After Fed’s Rate Cut, ‘They’re Out of Ammo’ to Fight Recession, Say Some

August 1, 2019, 1:32 PM UTC

There’s not much lower they can go.

When the Federal Reserve lower short-term rates on Wednesday, it further hobbled its ability to combat the next recession via radical rate chopping. So, as an antidote to bad times, the Fed’s fallback will be to resume its bond buying program. That has limitations, too.

The Fed’s main recession-fighting tool has long been lowering the benchmark federal funds rate, which governs short-term rates for things ranging from auto loans to credit card charges. In the past, the average reduction needed to fight a recession was a whopping 5.5 percentage points. Such a bold step is mathematically impossible now.

The Federal Open Market Committee, or FOMC, its policymaking arm, just decreased the rate a quarter-point to a 2.0% to 2.25% band, thus not a lot of room exists to cut much more. And if the Fed ends up decreasing the rate another half-point, as many suspect it will, then the central bank has even less to work with.

“They’re out of ammo,” said economist Gary Shilling, who owns his own eponymous firm. “Going from 2.25% to zero is not an awful lot.”

The New York Fed’s recession model, which has been prescient in the past, finds a 32.8% chance of one arriving in the next 12 months. That 32.8% is almost the same as the level as in early 2007, just before the Great Recession began that December. Meanwhile, the Duke University survey of chief financial officers in June found that 69% expect a recession by the end of 2020.

The upshot is that Fed Chairman Jerome Powell must rely more than before on buying bonds, known as quantitative easing or QE—a maneuver that gives commercial banks fresh money, so they can make loans and thus bolster the economy.

The mechanics of QE are that a central bank creates new money out of thin air and deploys it to buy assets, mostly bonds from commercial banks. With all this fresh cash, those banks can lower their interest rates and make more loans. The theory is that it’s easier then for companies and consumers to get credit, which is supposed to benefit the economic system.

Lowering interest rates

What everyone can agree on is that the interest rate tool has been mostly neutered. “The Fed has less flexibility than in the past,” said Mohamed El-Erian, the chief economic adviser at Allianz, at the Davos conference last winter.

The best they can hope for is that the next recession will be the mild one that many forecasters expect. Remember, though, that in 2007 the conventional wisdom was that the sub-prime mortgage meltdown could be “contained.”

The environment of very low rates over the past decade has sapped the Fed’s power. The FOMC’s first line of defense during the 2008-09 crisis was a drastic plunge in the fed funds rate, to near-zero from 5.25%. After economic growth appeared to be on a sustainable track, the Fed in late-2015 started to gradually lift the rate back to normal levels.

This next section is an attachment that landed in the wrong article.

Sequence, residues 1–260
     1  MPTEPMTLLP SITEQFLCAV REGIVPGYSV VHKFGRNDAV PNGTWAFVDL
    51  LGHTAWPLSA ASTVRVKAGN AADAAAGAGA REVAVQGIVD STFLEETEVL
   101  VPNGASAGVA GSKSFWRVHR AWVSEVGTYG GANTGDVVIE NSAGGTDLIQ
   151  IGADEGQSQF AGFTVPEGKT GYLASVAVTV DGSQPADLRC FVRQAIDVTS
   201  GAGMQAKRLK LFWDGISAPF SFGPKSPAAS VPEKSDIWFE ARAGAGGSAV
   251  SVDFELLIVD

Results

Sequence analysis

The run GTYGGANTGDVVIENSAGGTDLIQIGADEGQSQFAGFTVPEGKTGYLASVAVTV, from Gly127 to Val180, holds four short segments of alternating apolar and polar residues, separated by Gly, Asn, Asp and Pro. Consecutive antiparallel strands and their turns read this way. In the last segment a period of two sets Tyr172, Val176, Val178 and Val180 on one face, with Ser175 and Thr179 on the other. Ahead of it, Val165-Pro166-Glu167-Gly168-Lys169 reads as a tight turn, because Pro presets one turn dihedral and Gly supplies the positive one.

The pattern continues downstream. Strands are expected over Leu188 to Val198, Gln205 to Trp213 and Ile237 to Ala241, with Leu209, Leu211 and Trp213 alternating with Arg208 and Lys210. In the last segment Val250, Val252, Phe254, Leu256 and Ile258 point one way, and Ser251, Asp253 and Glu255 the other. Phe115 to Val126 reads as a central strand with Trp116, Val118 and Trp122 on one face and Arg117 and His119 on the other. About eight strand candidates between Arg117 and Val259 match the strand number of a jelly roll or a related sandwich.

It didn’t get very far, only to a 2.25%-2.50% target range, when worries about the U.S.-China trade war, slowing European growth and other factors made Powell pause. Widespread Wall Street fretting that the Fed had raised too much and might choke off the recovery weighed on the central bank. So did the relentless pressure from President Donald Trump, who needs a decent economy when he runs for reelection next year.

Resuming bond buying

What happens if the Fed reverses course and starts purchasing bonds once more? There’s a school of thought that this too will be less effective than in the past. Reason: Banks have so much extra funding these days that they don’t know what to do with all the money. The previous rounds of QE, which finally ended in 2014, stuffed banks with trillions of new dollars, which they hold in reserve to buffer themselves against economic bad spells and also to make loans. Plus, loan demand is low, even now in an expansion. Demand will be a lot less in a recession.

“Excess reserves in the banking system are currently so extraordinarily high that it is difficult to imagine” institutions lending out much of the money, said economist Hugh Johnson, who heads Hugh Johnson Advisors.

The Fed started buying Treasury bonds and mortgage-backed securities in 2010 and stopped in 2014, when it has amassed $4.5 trillion. That was a massive ballooning of its balance sheet, which held just $870 billion in August 2007, right before the financial crisis. The Fed had been reducing its asset holdings since late 2017 and intends to stop on Thursday, Aug. 1. Now this hoard has dwindled to $3.8 trillion, as of July 15, which is still a giant number.

As of June, Johnson pointed out, bank excess reserves (not needed to meet regulatory and creditors’ requirements) were $1.27 trillion, well above the pre-crisis average of $1.5 billion. At the same time, loan demand remains low, he said.

If the Fed has less power to offset an economic slump, the mantle then falls to fiscal policy—slicing taxes and boosting federal outlays. With federal red ink likely to top $1 trillion this year, countering the next recession, it seems, will fall solidly in the political arena.

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